Ms. Letourneau, the daughter of a fiery conservative GOP congressman, was a married mother of four in 1996 when she taught 12-year-old Vili Fualaau in her class at Shorewood Elementary in Burien, a Seattle suburb.
Police discovered them about 1:20 a.m. on June 19, 1996, parked in a minivan at the Des Moines Marina.
Ms. Letourneau, then 34, initially told officers that the boy was 18, raising suspicions that something sexual was going on. At the police station, they claimed that Ms. Letourneau had been babysitting the boy and took him from her home after she and her husband had a fight.
About two months later, the evidence was undeniable: Ms. Letourneau was pregnant. They had a daughter — and then, later, another one, conceived in 1998, after Ms. Letourneau had pleaded guilty to child rape but before she began serving a 7½ -year prison term. (Her defense attorney said she had been diagnosed with a form of bipolar disorder.)
Ms. Letourneau and Fualaau married on May 20, 2005, in Woodinville, Wash., after her release.
Fualaau and Ms. Letourneau characterized their relationship as one of love at that point, even writing a 1998 book together — “Un Seul Crime, L’Amour,” or “Only One Crime, Love.” Their story became the subject of a USA Network movie, “All American Girl” (2000).
King County court records show Fualaau asked for a legal separation from Ms. Letourneau on May 9, 2017.
Fualaau’s mother filed a multimillion-dollar lawsuit claiming the city and school district failed to protect her son from the teacher. But the defendants said the relationship was so bizarre that no one could have predicted it.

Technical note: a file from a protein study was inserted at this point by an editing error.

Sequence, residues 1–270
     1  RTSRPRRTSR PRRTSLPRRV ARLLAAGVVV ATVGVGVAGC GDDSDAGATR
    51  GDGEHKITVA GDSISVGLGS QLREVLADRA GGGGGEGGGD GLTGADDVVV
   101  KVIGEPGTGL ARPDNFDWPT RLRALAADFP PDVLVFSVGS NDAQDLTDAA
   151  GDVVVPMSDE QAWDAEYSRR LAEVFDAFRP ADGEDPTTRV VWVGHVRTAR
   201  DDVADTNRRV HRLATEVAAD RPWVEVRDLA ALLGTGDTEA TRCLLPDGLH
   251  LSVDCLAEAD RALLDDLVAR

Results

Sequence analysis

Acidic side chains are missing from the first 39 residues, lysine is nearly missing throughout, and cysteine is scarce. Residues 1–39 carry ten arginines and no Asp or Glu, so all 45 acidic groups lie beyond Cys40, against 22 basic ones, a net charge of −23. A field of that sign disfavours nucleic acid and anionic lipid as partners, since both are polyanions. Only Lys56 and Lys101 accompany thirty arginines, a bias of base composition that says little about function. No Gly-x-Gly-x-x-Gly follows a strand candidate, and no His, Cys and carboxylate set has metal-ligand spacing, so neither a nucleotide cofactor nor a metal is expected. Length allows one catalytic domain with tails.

The school district’s lawyer said it began off school grounds, after the academic year had ended. City police argued that they simply had no evidence of sexual abuse until it was too late. A jury ruled against the family.
Mary Katherine Schmitz was born in Tustin, Calif., on Jan. 30, 1962. Her mother was a chemist. Her father, John G. Schmitz, was a California Republican state senator and congressman, and a former official with the ultraconservative John Birch Society.
John Schmitz represented Orange County in the U.S. House from June 1970 to January 1973. He won the 1972 presidential nomination of the American Independent Party, an organization started by segregationist Alabama Gov. George C. Wallace, and became known for incendiary remarks about women, minorities and political rivals. He quit politics in 1982 when it became public that his mistress was pregnant with his second child.
Mary Kay’s childhood was shadowed by tragedy; her younger brother, Phillip, drowned in a pool when he was 3 as she was playing with another brother at the other end.
She attended Arizona State University and left to marry Steve Letourneau, a fellow student. They eventually settled in the Seattle area, and she completed a bachelor’s degree from Seattle University in 1989. They divorced while she was in prison.
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